Highly Responsive UV Photodetector

  • Author: Liam Critchley
  • Published: 06 September 2018
  • Copyright: Wiley-VCH Verlag GmbH & Co. KGaA
  • Source / Publisher: Nanoscale/Royal Society of Chemistry
  • Associated Societies: Royal Society of Chemistry (RSC), UK
thumbnail image: Highly Responsive UV Photodetector

Van-der-Waals (vdW) heterostructures are a type of layered material composed of different 2D materials. The name of these structures stems from the fact that the layers are held together using van-der-Waals forces. Such heterostructures can be excellent materials for use in electronic and optoelectronic applications because they do not suffer from any lattice mismatch and can produce efficient semiconducting junctions.

Zhongming Zeng, Chinese Academy of Sciences, Suzhou, Yanhui Xing, Beijing University of Technology, China, and colleagues have created an ultraviolet (UV) photodetector that uses a p–n diode. The junction in the detector is realized using a vdW heterostructure composed of black phosphorous (BP, pictured) and rhenium disulfide (ReS2).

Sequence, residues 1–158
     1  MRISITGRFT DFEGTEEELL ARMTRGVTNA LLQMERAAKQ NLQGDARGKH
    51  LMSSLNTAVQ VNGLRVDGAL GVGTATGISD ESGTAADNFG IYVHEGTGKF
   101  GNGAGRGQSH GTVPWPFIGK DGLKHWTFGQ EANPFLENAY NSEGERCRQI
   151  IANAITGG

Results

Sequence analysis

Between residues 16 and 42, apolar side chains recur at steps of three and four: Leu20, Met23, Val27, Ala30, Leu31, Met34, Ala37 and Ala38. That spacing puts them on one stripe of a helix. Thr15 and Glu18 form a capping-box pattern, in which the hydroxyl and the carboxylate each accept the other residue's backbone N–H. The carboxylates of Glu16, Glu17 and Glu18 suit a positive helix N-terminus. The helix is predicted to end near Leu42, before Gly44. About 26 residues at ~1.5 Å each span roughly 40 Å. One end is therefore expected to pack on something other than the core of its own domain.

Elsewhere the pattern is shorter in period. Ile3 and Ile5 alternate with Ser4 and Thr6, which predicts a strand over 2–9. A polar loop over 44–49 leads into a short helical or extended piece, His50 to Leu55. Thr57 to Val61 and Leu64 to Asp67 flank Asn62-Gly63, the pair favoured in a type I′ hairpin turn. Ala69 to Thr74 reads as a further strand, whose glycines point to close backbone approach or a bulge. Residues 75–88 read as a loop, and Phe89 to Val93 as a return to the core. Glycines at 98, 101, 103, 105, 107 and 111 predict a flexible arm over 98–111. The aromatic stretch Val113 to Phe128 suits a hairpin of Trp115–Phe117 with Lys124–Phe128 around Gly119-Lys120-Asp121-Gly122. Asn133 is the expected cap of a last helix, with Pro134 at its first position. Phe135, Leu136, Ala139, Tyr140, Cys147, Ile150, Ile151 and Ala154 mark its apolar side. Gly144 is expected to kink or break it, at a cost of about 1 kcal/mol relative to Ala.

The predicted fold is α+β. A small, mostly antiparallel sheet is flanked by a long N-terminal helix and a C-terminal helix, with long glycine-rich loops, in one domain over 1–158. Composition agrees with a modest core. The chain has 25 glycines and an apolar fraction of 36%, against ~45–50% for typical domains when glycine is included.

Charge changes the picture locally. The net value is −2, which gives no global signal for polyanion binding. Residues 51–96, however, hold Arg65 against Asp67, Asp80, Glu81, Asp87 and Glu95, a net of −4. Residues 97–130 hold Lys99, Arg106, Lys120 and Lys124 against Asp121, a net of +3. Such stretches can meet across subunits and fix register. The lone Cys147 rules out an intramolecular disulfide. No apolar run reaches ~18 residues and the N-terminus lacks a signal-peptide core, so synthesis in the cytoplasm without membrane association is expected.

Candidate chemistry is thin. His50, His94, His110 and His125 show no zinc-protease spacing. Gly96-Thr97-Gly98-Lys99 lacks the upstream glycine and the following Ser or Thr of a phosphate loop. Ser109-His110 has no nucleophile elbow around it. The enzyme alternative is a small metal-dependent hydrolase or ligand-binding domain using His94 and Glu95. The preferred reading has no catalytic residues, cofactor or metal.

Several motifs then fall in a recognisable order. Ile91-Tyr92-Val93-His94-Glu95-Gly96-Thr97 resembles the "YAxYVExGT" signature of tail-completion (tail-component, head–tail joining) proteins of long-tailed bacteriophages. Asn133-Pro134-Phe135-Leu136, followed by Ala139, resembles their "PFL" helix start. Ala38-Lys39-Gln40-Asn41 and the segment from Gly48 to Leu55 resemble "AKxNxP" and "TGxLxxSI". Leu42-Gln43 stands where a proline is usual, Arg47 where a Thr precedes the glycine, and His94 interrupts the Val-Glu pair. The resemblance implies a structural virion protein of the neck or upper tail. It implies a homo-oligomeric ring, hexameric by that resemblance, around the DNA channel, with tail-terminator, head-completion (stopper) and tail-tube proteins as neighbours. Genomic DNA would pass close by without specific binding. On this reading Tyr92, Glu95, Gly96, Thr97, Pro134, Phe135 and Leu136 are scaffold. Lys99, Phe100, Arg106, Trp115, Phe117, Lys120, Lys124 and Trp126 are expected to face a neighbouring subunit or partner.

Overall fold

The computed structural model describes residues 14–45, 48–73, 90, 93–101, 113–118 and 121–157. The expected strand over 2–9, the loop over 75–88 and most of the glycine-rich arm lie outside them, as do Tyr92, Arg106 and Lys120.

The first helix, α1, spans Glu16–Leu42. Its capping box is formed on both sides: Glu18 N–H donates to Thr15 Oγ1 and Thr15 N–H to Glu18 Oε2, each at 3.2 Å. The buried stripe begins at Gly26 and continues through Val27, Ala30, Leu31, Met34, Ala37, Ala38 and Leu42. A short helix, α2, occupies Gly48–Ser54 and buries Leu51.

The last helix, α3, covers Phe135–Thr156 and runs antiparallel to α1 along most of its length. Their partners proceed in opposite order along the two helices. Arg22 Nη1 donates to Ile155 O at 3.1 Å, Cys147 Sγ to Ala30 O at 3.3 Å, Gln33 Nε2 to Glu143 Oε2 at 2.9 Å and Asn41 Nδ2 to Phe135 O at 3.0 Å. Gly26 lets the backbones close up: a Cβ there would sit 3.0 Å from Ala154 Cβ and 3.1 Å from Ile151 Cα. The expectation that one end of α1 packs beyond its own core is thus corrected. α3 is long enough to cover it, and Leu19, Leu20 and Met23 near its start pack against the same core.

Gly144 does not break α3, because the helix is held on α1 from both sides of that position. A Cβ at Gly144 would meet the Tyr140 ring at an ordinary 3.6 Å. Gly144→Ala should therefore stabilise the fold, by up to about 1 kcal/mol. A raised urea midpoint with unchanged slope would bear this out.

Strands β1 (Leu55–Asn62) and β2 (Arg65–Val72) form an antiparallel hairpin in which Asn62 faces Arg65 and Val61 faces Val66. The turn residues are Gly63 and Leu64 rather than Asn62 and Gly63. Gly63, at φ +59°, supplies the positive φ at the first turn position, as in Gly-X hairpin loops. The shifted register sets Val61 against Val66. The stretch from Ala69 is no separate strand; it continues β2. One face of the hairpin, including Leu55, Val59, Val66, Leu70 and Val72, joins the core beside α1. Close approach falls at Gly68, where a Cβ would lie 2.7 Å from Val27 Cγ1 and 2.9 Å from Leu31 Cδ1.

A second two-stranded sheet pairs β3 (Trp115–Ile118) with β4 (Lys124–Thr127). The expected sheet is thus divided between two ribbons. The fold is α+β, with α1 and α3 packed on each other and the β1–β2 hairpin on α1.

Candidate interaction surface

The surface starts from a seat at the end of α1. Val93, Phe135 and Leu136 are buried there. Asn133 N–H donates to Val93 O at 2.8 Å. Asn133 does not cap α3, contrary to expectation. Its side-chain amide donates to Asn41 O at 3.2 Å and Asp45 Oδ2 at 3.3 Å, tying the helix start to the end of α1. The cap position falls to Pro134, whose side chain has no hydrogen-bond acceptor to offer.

The researchers fabricated the heterostructure by depositing Te-doped BP flakes onto a polydimethylsiloxane (PDMS) film using mechanical exfoliation. This BP-PDMS film was then transferred onto a HfO2/Si substrate and ReS2 flakes were aligned on top of the BP flakes under an optical microscope. The contact patterns were defined by electron-beam lithography (EBL) and electrodes composed of Ni/Au were deposited through an electron beam evaporation method. The researchers finally applied a bias voltage across the electrodes of the heterostructure and a voltage was also applied to the n-doped silicon to function as the back-gate.

Under UV light, the photodetector initially was found to possess a high photoresponsivity of 4,120 A W–1. The photoresponse properties were tunable by altering the back-gate voltage, optimizing the voltage led to a maximum photoresponsivity of 8,539 A W–1 at 4.4 V. The team further investigated the effects that the channel length had on the photoresponsivity of the device. They found that a BP length of 1 µm was optimal and could produce a photoresponsivity of up to 11,811 A W–1.


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